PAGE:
Shouldn't it be possible to allow distinguishing @escaping/@noescape for
aggregates like these, at least for the simple case of Optional? (I
handled optionals in https://github.com/apple/swift/pull/4438 for
imported function types; see comment
<https://github.com/apple/swift/pull/4438#issuecomment-243645367>.)

It would be a post-Swift-3 addition to the language to be able to
support more robust liveness tracking here. There may be interesting
directions to take this, with optional closures being the most common
beneficiary.

On Sep 7, 2016, at 3:33 PM, Shawn Erickson via swift-users < >>>> swift-users@swift.org> wrote:

I see https://bugs.swift.org/browse/SR-2324 and
https://bugs.swift.org/browse/SR-2444 which looks related to this
issue and may explain the error I saw on "the other side" of this.

On Wed, Sep 7, 2016 at 3:28 PM Shawn Erickson <shawnce@gmail.com> >>>> wrote:

Yeah I actually have a few of those myself that I can no longer do.

On Wed, Sep 7, 2016 at 3:26 PM Jon Shier <jon@jonshier.com> wrote:

Perhaps relatedly, it no longer seems possible to mark typealiased
closures as @escaping. That was quite handy when you know that closures
will always be used asynchronously.

Jon

On Sep 7, 2016, at 6:15 PM, Shawn Erickson via swift-users < >>>>>> swift-users@swift.org> wrote:

I should note that this issue also appeared in an earlier variant of
Swift after the addition of @escaping but I was on vacation so didn't get a
chance to report it then. It isn't new with the Xcode 8 GM.

On Wed, Sep 7, 2016 at 3:08 PM Shawn Erickson <shawnce@gmail.com> >>>>>> wrote:

I like and fully supported the change to @escaping away from
@noescape however in a body of code that I am porting to the latest Swift 3
variant (as found in Xcode 8 GM) I am hitting an issue for methods that
take an optional completion closure. If optional is involved I can't find a
way to apply @escape to the escaping closure. See the following for an
basic example...

Is their a way to do what I need and/or is this an edge case in the
implementation of @escaping?

typealias MyCallback = (String)->()

// Happy
func foo1(bar: String, completion: ((String)->())) {
    completion(bar)
}

// Happy
func foo2(bar: String, completion: MyCallback) {
    completion(bar)
}

// Happy
func foo3(bar: String, completion: ((String)->())? = nil) {
    completion?(bar)
}

// Happy
func foo4(bar: String, completion: MyCallback? = nil) {
    completion?(bar)
}

// Happy
func foo5(bar: String, completion: Optional<MyCallback> = nil) {
    completion?(bar)
}

// Happy
func foo6(bar: String, completion: @escaping (String)->()) {
    completion(bar)
}

// Happy
func foo7(bar: String, completion: @escaping MyCallback) {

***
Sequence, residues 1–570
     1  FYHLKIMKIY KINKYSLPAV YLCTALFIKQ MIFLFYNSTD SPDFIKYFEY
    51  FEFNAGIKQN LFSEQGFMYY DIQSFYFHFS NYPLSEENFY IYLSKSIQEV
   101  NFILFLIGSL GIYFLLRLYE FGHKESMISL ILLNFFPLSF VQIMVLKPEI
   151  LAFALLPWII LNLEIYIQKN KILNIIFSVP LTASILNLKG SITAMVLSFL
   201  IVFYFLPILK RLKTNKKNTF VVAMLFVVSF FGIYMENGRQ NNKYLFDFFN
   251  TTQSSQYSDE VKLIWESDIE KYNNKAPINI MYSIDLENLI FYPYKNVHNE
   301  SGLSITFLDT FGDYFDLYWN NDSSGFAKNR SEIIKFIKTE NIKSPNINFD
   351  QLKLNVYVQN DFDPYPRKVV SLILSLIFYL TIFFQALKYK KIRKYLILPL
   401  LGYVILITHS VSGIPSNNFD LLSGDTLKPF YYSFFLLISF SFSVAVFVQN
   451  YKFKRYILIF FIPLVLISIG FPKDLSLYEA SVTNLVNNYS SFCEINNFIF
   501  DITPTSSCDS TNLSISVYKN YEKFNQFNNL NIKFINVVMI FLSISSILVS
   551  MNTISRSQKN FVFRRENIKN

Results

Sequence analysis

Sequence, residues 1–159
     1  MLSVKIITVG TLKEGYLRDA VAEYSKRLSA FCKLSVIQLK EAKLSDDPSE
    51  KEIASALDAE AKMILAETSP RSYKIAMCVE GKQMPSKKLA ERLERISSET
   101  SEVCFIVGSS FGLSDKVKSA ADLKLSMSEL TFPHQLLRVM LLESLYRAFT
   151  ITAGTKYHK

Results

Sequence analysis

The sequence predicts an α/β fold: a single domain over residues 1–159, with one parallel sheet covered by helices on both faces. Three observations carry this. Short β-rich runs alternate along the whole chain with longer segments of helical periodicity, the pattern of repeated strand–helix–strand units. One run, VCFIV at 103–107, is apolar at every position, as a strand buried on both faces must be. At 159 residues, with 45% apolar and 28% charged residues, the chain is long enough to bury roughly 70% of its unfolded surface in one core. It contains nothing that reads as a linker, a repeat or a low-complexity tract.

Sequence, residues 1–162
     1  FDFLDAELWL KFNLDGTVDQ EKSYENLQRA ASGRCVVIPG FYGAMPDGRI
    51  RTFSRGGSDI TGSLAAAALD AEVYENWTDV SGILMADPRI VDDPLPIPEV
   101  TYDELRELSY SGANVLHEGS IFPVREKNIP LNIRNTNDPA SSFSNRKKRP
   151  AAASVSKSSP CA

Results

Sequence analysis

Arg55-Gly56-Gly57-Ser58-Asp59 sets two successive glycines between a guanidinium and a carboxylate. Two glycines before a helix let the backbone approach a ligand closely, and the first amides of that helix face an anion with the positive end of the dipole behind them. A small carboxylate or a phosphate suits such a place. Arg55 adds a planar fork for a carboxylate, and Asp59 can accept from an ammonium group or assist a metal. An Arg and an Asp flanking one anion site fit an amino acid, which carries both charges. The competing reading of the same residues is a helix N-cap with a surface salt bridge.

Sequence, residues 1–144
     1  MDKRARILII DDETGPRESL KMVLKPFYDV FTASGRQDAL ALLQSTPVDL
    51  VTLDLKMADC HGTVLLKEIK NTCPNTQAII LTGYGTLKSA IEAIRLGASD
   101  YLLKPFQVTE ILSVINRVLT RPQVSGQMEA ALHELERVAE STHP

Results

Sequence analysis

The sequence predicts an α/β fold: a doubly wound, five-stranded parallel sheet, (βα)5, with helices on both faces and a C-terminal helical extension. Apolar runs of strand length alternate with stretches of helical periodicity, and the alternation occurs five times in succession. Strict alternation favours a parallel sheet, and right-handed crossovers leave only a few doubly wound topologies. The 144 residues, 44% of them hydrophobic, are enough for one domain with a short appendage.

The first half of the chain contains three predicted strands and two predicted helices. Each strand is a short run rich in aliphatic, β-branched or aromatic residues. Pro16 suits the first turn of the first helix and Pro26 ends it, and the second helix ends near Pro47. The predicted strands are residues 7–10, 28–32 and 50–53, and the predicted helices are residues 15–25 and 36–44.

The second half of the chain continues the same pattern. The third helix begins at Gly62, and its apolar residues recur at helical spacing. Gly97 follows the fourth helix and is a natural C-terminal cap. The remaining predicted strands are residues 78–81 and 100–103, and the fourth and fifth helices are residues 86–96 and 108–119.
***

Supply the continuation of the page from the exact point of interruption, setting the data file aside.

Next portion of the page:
completion(bar)
}

// Unhappy...
// "@escaping attribute only applies to function types"
func foo8(bar: String, completion: @escaping ((String)->())? = nil) {
    completion?(bar)
}

// Unhappy...
// "@escaping attribute only applies to function types"
func foo9(bar: String, completion: @escaping MyCallback? = nil) {
    completion?(bar)
}

// Unhappy...
// "@escaping attribute only applies to function types"
func foo10(bar: String, completion: (@escaping ((String)->()))? =
nil) {
    completion?(bar)
}

// Unhappy...
// "@escaping attribute only applies to function types"
func foo11(bar: String, completion: (@escaping MyCallback)? = nil) {
    completion?(bar)
}

// Unhappy...
// "@escaping attribute only applies to function types"
func foo12(bar: String, completion: Optional<@escaping MyCallback> =
nil) {
    completion?(bar)
}

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https://lists.swift.org/mailman/listinfo/swift-users


(Shawn Erickson) #12

Oh I also meant to state that original version of this visitor was marked
as @noescape since it doesn't in the implementation. It looks like I have
lost that ability with the @escaping change since appears to assume it is
escaping in this situation now?

-Shawn

···

On Wed, Sep 7, 2016 at 9:16 PM Shawn Erickson <shawnce@gmail.com> wrote:

I seem to have hit a possibly related @escaping issue...

The following code worked without issue under Swift 2.x and earlier
variants of Swift 3 but after the @escaping change (fairly sure that is
what is at fault) it no longer compiles.

protocol Foo {
    // Happy
    func visitValues<T>(visitors: [(key: String, body: (T) throws ->
Void)]) throws

    // Happy
    func visitValues<T>(throwOnWrongType: Bool, visitors: [(key: String,
body: (T) throws -> Void)]) throws
}

protocol FooBar { // IGNORE ME - NOT PART OF ORIGINAL CODE
    // Unhappy - this is appearntly expected given prior emails in this
thread
    // @escaping may only be applied to parameters of function type
    func visitValues<T>(visitors: [(key: String, body: @escaping (T)
throws -> Void)]) throws

    // Unhappy - this is appearntly expected given prior emails in this
thread
    // @escaping may only be applied to parameters of function type
    func visitValues<T>(throwOnWrongType: Bool, visitors: [(key: String,
body: @escaping (T) throws -> Void)]) throws
}

// Provide a default implementation for the simple visitor version
extension Foo {
    // Happy
    func visitValues<T>(visitors: [(String, body: (T) throws -> Void)])
throws {
        try self.visitValues(throwOnWrongType: false, visitors: visitors)
    }
}

// Unhappy
// error: type 'RealFoo' does not conform to protocol 'Foo'
struct RealFoo : Foo {
    // Happy
    func visitValues<T>(throwOnWrongType: Bool, visitors: [(key: String,
body: (T) throws -> Void)]) throws {
        // do stuff...
    }

    // error: MyPlayground.playground:23:8: error: type 'RealFoo' does not